TUESDAY, MAY 25, 2004
TAKING ON TIM: It really is a different day when major scribes start to challenge Tim Russertbut its happened several times this past week! First, Nicholas Lemann mocked Russerts new book in a mordant profile in The New Yorker. Then, Howard Kurtz even took on Tim in a cover piece for the Posts Sunday magazine!
Well take a look at the Russert-roasts in a set of reports this week. Yes, we think both scribes do pull a few punches in the course of their critiques. But Russert has been immune to criticism in the past several yearsand his work has suffered accordingly. Tim seems to believe thatbeing from Buffalohe is immune to misstatement or error. But then, fawning treatment tends to produce such beliefs. Its clearly time for the fawning to stop. Lemann and Kurtz start that process.
BUT WHO WILL WATCH THE AD-WATCHERS: Frankly, we were puzzled by Brooks Jacksons statement. The Annenberg ace has done good work critiquing this years Bush/Kerry ads. But in this mornings New York Times, Jim Rutenberg tackles the crucial subject again. And yes, we were a bit surprised when we saw Jackson search for a word:
RUTENBERG: Even people who dont think there is much information in these ads and say they dont learn anything from them tell us they believe factoids they could only have gotten from these ads, and theyre wrong, said Brooks Jackson...Its beyond subliminalits something I havent come up with a name for.Luckily, we have come up with a namedisinformation. And yes, theres been a lot of disinformation spread in this years campaign ads. Given the record amounts being spent on such ads, major papers like the Times should be spending more time on this subject. Major papers should be aggressively limning the claims that are made in these ads.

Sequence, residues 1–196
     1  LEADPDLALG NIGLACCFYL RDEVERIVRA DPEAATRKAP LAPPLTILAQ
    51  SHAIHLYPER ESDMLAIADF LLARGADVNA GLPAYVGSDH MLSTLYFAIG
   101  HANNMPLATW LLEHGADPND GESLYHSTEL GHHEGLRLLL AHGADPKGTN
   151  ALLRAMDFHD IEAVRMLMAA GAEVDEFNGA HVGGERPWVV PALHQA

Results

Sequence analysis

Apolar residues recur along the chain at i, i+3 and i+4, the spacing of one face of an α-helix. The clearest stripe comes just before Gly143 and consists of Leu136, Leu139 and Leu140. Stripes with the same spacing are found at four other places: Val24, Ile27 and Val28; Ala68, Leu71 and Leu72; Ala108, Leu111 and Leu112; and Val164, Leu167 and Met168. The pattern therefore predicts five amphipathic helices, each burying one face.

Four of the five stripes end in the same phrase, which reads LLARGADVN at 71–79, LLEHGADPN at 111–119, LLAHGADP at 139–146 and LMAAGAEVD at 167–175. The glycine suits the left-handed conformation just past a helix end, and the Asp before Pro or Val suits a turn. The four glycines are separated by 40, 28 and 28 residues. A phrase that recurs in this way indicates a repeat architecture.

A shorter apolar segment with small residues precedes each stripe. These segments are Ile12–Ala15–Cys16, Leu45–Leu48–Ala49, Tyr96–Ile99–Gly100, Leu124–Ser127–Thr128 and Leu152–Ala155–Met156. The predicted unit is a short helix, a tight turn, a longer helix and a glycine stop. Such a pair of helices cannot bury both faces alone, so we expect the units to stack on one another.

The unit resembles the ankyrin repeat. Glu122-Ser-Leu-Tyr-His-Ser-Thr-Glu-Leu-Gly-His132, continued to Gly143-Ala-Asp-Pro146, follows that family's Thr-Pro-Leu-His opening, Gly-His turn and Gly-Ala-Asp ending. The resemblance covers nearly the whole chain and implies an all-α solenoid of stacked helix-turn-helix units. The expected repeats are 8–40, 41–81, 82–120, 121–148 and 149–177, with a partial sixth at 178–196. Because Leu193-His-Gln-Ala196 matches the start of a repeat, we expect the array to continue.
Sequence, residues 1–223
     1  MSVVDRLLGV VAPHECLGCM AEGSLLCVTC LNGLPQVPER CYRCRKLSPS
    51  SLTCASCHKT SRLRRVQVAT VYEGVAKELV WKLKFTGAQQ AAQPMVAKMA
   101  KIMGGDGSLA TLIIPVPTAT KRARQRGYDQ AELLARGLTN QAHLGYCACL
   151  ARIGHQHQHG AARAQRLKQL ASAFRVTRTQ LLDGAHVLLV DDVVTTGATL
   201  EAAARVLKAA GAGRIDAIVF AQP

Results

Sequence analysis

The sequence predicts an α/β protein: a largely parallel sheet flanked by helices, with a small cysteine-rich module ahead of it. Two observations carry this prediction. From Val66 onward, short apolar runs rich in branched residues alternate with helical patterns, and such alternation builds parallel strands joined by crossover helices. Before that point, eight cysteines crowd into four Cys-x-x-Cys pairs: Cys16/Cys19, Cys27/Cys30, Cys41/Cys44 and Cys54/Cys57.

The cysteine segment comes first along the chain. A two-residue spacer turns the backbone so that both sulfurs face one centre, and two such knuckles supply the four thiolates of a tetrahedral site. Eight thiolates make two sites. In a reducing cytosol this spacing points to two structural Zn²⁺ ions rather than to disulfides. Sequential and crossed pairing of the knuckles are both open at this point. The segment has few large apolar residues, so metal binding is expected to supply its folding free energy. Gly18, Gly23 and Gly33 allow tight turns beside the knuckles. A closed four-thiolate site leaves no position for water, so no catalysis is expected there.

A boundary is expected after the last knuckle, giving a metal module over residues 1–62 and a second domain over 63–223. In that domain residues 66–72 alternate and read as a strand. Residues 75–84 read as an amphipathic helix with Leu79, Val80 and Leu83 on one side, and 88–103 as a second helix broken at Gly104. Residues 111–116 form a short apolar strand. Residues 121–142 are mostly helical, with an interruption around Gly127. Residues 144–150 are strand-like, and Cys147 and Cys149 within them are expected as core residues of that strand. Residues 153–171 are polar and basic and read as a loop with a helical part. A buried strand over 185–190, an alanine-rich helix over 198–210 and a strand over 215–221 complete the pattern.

Unfortunately, Rutenberg doesnt seem up to this challenge. In this mornings page-one report, he focuses on several ads that are hugely insignificantand on some ads that seem to be accurate. For example, consider the third ad the worried scribe cites. The ad isnt being aired by Kerry or Bush. The ad is aired by an outside groupand frankly, it seems to be accurate:
RUTENBERG (pgh 5): Outside groups are getting into the act as well.Even in Rutenbergs own critique, this ad would seem to be accurate. But it isnt clear that the scribe even knows what this ad is really about. Last week, when the ad hit the air, it was analyzed in the Tampa Tribune. Heres what Garrett Therolf wrote:
THEROLF: In the advertisement, the narrator tells viewers, President Bush opened up Floridas coast to offshore oil drilling. The group is referring to a period early in the Bush administration when he supported drilling in a region known as Area 181, which is within 30 miles of the Florida Panhandle and 300 miles from Tampa.Does Rutenberg know what this ad is about? Here at THE HOWLER, we cant really tell. But he gives it high billing in this mornings story. Ads which have played a much greater role in the process Jackson cites dont get mentioned at all.